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Beacon View Medical Centre Good

Inspection Summary


Overall summary & rating

Good

Updated 22 August 2018

Professor Steve Field CBE FRCP FFPH FRCGP

Chief Inspector of General Practice

Inspection areas

Safe

Good

Updated 22 August 2018

At our previous inspection on 11 December 2017 we rated the practice as requires improvement for providing safe services. This was because:

  • Disclosure and barring service (DBS) checks had not been undertaken for non-clinical staff. There was no risk assessment in place detailing why this was not considered to be necessary
  • The practice did not have supply of oxygen for use during medical emergencies
  • Non-clinical staff had not received training to help them recognise and prioritise patients with possible signs of sepsis
  • There was no routine clinical oversight or monitoring of secondary care patient related communications to ensure all relevant action and medicine changes had been actioned. A significant event in relation to this in November 2016 had not resulted in a change in process.

When we carried out this follow up inspection on 9 August 2018 we found that action had been taken to address these concerns. The practice is now rated as good for providing safe services.

Safety systems and processes

Disclosure and Barring Service checks were undertaken for all non-clinical staff (DBS checks identify whether a person has a criminal record or is an official list of people barred from working in roles where they may have contact with vulnerable children or adults). The practice had updated their DBS check policy in December 2017 to include a risk assessment. This stated that non-clinical staff were not required to have a DBS check as their roles meant that they would not have direct, one to one contact with vulnerable adults or children and would not perform chaperone duties.

Risks to patients

Since our previous inspection in December 2017 the practice had purchased a supply of oxygen for use during medical emergencies. A protocol had been developed to govern the safe handling, use and transportation of oxygen within the practice. The practice nurse had been identified as the lead for checking and replacing the oxygen and a process was in place to ensure levels were checked after use.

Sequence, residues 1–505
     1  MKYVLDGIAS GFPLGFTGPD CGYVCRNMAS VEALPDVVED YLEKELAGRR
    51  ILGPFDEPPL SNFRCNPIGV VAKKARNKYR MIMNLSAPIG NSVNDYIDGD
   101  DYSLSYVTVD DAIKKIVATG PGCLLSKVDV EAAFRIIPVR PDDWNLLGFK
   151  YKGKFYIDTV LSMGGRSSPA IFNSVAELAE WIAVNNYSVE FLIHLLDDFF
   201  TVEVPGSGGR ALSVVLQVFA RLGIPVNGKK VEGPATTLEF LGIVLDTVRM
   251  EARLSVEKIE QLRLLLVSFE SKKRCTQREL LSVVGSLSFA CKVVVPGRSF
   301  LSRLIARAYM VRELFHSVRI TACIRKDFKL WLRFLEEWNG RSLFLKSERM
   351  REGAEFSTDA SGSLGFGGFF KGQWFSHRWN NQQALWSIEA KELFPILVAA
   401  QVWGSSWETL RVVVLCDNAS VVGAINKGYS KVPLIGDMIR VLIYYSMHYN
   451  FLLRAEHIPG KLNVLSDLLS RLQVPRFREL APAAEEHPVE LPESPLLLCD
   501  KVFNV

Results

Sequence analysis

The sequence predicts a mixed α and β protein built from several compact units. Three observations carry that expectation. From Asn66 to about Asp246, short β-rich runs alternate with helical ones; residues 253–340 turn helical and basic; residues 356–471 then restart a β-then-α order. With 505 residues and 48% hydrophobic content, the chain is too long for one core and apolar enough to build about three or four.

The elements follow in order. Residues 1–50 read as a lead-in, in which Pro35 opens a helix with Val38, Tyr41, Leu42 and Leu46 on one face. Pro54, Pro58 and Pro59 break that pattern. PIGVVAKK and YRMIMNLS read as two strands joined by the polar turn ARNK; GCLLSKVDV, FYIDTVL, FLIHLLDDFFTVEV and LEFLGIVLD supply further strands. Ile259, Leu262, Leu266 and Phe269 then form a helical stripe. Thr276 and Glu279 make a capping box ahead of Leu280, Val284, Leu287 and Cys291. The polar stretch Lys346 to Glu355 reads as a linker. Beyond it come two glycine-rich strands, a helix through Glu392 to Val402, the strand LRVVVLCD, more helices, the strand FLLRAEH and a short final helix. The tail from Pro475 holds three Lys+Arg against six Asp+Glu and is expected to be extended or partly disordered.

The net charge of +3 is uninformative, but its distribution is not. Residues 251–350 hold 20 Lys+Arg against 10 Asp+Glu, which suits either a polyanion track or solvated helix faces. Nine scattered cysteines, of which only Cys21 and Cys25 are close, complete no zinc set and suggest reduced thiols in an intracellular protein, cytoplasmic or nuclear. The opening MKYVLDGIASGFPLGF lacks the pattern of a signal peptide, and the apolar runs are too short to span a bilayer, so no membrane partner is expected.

Clinicians knew how to identify and manage patients with severe infections, including sepsis. Non-clinical staff were in the process of receiving online training to help them recognise the signs of sepsis and a schedule was in place to ensure this was completed soon. An additional sepsis training session with the local clinical commissioning group was planned for September 2018.

A system was now in place to ensure there was regular clinical oversight of hospital discharge information and other secondary care patient communications, including changes to, or implementation of medication. One of the practice GPs reviewed a random selection of a days secondary care communications on a monthly basis to ensure appropriate action had been taken. Since February 2018 the GPs had reviewed 134 communications and had found that all had been actioned appropriately. This included ensuring medication changes had been reviewed by the practice pharmacist and patient records updated accordingly.

Effective

Good

Updated 6 February 2018

Caring

Good

Updated 6 February 2018

Responsive

Good

Updated 6 February 2018

Well-led

Good

Updated 6 February 2018

Checks on specific services

People with long term conditions

Good

Updated 6 February 2018

Families, children and young people

Good

Updated 6 February 2018

Older people

Good

Updated 6 February 2018

Working age people (including those recently retired and students)

Good

Updated 6 February 2018

People experiencing poor mental health (including people with dementia)

Good

Updated 6 February 2018

People whose circumstances may make them vulnerable

Good

Updated 6 February 2018